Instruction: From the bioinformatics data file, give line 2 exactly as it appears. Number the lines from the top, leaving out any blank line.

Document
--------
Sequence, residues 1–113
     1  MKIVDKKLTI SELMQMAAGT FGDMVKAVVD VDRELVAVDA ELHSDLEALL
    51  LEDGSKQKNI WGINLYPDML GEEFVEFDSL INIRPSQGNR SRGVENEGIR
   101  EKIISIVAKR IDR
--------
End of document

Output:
     1  MKIVDKKLTI SELMQMAAGT FGDMVKAVVD VDRELVAVDA ELHSDLEALL